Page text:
• Copts
  • February 9, 2010
  • 4 minutes read

US: Sectarianism not only cause for Christian problems in Egypt, Iraq

US: Sectarianism not only cause for Christian problems in Egypt, Iraq

CAIRO: American television network ABC broadcast what has become a controversial report concerning Christians in Egypt and Iraq. The network reported that there is “unjustified” concern in Western nations, especially the United States, over the situation of minorities in both Egypt and Iraq, which Western media have reported are “plagued with sectarian tensions and violence”.

Naguib Gobrail, a leading Coptic lawyer who regularly lashes out against the Egyptian government for its treatment of Coptic Christians in the country, called the report “crazy and irresponsible.” His office, which issued a statement on his behalf, called ABC “part of the problem,” adding that “until the world recognizes the harsh realities on the ground here in Egypt, Christians will continue to be beaten, murdered and treated as infidels by the Muslim majority.”

ABC news quoted Professor Hilal Kashan, a Professor of Political Science at the American University in Beirut (AUB), as saying that the tension has not risen between Muslims and Christians in the region, “contrary to rumors in the Western media, particularly in Egypt and Iraq”.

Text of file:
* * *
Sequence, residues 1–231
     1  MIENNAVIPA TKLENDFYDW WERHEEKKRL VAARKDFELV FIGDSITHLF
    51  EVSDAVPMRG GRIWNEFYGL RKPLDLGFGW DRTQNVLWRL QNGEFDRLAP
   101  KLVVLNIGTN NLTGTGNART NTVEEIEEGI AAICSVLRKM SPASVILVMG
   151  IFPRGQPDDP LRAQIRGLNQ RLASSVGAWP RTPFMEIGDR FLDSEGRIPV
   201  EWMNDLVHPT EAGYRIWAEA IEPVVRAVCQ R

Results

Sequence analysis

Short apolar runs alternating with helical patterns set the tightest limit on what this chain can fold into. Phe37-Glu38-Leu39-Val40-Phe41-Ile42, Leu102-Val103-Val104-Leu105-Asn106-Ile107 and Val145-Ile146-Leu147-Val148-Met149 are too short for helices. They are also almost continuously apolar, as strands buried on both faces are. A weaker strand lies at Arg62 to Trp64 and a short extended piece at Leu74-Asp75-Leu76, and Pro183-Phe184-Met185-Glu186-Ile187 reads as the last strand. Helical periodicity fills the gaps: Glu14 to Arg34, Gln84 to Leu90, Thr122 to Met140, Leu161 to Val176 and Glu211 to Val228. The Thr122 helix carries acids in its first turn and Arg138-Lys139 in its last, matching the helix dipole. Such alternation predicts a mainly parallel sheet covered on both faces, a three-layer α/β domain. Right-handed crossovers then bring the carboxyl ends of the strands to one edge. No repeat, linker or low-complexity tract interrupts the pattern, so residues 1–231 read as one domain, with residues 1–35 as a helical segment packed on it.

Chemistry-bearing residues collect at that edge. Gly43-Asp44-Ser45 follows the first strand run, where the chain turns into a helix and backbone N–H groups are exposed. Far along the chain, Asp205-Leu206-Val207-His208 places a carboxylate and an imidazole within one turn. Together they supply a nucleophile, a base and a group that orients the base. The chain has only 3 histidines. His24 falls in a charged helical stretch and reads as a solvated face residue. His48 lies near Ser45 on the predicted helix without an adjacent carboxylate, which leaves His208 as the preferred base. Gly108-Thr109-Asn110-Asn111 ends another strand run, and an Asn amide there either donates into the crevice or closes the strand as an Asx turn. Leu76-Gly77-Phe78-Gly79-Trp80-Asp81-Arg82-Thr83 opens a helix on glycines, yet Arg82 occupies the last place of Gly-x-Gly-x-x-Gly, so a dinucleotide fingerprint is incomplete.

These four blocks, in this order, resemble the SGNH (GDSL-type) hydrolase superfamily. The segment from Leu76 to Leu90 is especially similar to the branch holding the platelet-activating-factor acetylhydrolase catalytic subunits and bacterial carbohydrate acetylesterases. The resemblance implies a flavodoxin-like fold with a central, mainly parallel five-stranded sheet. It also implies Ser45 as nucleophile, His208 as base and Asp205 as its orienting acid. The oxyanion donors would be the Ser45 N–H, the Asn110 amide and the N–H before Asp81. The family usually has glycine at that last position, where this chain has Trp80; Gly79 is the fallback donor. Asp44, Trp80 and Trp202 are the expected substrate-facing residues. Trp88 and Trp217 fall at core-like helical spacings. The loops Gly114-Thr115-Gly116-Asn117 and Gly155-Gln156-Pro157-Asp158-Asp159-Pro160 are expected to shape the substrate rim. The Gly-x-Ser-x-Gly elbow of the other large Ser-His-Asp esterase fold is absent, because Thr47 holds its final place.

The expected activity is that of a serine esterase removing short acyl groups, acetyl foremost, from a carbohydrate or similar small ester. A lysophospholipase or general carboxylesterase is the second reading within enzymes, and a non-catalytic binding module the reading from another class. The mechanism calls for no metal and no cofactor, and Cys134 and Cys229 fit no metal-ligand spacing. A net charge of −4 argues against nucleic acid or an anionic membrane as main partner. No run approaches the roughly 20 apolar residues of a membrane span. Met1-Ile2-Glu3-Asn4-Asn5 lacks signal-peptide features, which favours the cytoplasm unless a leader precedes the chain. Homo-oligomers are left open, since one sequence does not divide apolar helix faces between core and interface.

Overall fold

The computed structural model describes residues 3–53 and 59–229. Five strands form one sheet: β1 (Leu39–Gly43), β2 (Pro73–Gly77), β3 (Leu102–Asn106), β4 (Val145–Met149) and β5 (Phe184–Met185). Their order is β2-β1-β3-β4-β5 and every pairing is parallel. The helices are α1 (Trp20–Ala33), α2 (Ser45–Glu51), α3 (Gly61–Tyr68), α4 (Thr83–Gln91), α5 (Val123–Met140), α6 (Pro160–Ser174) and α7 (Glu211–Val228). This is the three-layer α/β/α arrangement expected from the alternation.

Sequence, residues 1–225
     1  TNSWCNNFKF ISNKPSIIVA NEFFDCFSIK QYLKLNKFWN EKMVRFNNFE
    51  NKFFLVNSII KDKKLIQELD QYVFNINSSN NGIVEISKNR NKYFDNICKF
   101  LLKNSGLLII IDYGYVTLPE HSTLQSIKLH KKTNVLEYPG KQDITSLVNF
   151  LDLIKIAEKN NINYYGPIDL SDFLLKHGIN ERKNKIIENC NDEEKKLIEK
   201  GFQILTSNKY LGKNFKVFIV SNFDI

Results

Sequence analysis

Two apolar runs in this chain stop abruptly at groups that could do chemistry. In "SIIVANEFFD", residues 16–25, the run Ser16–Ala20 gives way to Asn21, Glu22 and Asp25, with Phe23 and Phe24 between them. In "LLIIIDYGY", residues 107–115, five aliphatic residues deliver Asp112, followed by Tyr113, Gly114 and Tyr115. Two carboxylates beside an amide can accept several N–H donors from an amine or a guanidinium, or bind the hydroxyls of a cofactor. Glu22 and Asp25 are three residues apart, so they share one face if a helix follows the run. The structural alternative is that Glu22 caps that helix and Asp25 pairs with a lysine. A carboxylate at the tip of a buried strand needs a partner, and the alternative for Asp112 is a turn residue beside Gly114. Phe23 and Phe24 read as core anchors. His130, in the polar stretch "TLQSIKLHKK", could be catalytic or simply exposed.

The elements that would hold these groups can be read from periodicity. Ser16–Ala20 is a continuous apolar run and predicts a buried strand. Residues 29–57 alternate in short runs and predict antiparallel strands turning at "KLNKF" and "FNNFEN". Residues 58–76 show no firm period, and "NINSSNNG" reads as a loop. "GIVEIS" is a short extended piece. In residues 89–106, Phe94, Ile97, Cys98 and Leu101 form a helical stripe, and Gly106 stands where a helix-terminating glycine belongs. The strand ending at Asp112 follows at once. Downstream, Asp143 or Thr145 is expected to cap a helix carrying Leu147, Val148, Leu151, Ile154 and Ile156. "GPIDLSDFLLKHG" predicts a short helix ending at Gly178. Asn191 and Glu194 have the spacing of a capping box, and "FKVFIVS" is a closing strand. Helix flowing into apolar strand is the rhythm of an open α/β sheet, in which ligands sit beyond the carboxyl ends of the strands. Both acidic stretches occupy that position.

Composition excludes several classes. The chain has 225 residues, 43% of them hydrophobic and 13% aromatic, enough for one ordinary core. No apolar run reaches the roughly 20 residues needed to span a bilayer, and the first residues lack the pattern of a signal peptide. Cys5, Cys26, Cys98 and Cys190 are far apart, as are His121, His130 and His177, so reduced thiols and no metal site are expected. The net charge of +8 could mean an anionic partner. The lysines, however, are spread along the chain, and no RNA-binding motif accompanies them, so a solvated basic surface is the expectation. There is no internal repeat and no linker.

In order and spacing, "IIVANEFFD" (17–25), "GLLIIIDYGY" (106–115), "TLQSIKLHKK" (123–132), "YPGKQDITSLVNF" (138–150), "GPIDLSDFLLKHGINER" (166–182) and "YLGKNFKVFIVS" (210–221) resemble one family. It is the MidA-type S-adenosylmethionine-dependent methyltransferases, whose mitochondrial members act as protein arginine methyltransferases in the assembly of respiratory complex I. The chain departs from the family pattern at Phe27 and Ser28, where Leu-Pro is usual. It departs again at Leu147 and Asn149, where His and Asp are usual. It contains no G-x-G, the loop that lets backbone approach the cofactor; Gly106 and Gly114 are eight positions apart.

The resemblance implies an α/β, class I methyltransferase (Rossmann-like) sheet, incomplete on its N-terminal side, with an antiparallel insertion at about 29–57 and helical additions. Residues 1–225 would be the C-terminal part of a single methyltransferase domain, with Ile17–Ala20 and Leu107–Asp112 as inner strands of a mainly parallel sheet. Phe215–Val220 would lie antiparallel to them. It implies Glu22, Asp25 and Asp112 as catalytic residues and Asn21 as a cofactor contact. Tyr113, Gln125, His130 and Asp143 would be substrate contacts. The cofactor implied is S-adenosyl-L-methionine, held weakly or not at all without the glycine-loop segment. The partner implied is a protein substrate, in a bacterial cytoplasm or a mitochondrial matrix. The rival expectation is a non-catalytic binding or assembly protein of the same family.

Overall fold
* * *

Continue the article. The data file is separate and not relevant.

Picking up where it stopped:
He claimed “that there is unusual concern about the  acts of violence suffered by Christians in Egypt and Iraq”.

Kashan said in the report that “acts of violence driven by personal motives occur frequently, but is only highlighted when they include Muslims against the Copts”.

The network attributed in its lengthy report the conditions of Arab religious minorities, the migration of some Arab Christians to the West to economic motives, regardless of allegations of “discrimination” faced by Christians in some Arab countries.

The report by ABC  said “the search for better opportunities abroad, and low birth rates of Christians” in Egypt, and the Arab world are the major causes behind the migration of Arab Christians abroad stressing  that the economic reasons supersede the sectarian tensions in both nations.

Egypt has the largest single Christian minority in the Middle East, Coptic Christians, who according to reports make up to 10%  of the population.

However, the report excluded Iraq from this, where Iraq has witnessed sectarian tensions in the wake of the U.S. invasion of Iraq in 2003.

Although the report indicated that there were complaints from Christians in Egypt of being subjected to “systematic governmental discrimination,” it argued that the motive behind the migration is more “economic” than anything else.

ABC also quoted Professor Fiona McCallum, University of St. Andrews in Scotland, and a specialist in the study of the situation of Christians in the Middle East and Egypt, as asserting that “people are seeking a better life and this applies to all people in the region, Muslims too.”

The report continued to say that “Christians in the region had traditionally been in a better position for migration, more than their Muslim counterparts because of the high level of education they have.”

The network noted a decline in the number of Christians in the Arab world not only because of migration, but also due to lower birth rates among Christian Arabs compared to their Muslim counterparts.

Gobrail added that “this report is more of the bias Christians have to face in the world today because of the way Muslims are taking over the media.”